Millennials Choose Jobs with Career Growth & Good Pay

Millennials Desperate for Financial Stability, in Search of Employer Support to Get There
Women bearing the greatest burden when it comes to student loan debt

What do Millennials want? It's the question being asked in every executive suite and human resources office today. And for good reason - this group of workers, ages 18 to 35, will constitute the largest segment of the U.S. workforce as of this year[1]. They're also carrying significantly more student loan debt than past generations, impacting how they view the world and employment. As Baby Boomers move out and Millennials move in, a new study from EdAssist™ reveals the opportunities and benefits Millennials want most, and how employers can best cater to their needs.

Millennials Crushed by Student Loan Debt; Women Carrying the Biggest Burden

Often viewed as a generation looking for instant gratification, the study actually shows Millennials are motivated to achieve long-term financial well-being, with 70 percent already focused on retirement goals. This may be because Millennials are accountable for the majority of the country's total student loan debt, which currently sits at a whopping $1.2 trillion[2]. They expect employers' help in reducing this heavy debt burden and getting them on the road to financial stability. When asked specifically about employer expectations, one-in-three say they expect their employer to help repay existing student loans, while one-in-two expect financial support in paying for further education.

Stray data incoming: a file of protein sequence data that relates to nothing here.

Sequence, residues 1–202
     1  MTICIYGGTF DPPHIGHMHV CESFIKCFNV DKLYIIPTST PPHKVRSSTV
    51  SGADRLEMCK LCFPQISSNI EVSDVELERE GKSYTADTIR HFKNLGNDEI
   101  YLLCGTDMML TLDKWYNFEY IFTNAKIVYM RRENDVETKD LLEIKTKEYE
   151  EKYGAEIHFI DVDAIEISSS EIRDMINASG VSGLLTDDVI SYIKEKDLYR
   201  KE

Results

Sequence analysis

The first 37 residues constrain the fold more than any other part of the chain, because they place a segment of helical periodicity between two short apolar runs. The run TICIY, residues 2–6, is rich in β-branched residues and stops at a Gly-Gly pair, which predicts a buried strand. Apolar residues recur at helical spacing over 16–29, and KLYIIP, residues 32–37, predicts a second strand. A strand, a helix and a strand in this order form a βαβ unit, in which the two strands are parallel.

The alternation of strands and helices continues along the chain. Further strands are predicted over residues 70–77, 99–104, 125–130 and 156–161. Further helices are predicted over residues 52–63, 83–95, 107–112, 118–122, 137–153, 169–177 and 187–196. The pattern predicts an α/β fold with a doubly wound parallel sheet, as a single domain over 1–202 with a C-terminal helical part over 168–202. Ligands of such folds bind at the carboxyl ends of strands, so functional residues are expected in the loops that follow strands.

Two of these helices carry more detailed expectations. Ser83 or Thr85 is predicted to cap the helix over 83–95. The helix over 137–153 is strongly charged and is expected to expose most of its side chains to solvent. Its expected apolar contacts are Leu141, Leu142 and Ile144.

The issue of saving for the future is most acute for women of the Millennial generation:

  • Women in the survey are 50 percent more likely to carry student loan debt than men
  • Women with student loans are almost 50 percent more likely than men to feel defeated about their debt because it seems they will be unable to pay it off
  • And women are over 50 percent more likely than men with student loan debt to be attracted to an employer offering to repay student debt as part of their benefits package

Millennials Choose Employers that Provide Continued EducationWill Work for Knowledge

If financial stability is one ingredient to attracting and retaining Millennials, another is tangible learning opportunities.

  • If asked to choose between two similar jobs, nearly 60 percent would pick the job with strong potential for professional development over one with regular pay raises
  • An even higher percentage of those trying to pay off student loan debt (66 percent) would eschew regular pay raises in favor of a job with strong potential for professional development

It's no wonder Millennials are looking for on-the-job learning opportunities, 72 percent feel their schooling did not effectively prepare them for the workforce.

  • Only 20 percent of 18-23-year-olds are confident that the formal education they received prepared them for their job
  • 58 percent of Millennials expect employers to provide them with learning opportunities relevant to their job
  • Only 26 percent feel their employers are actually invested in their professional development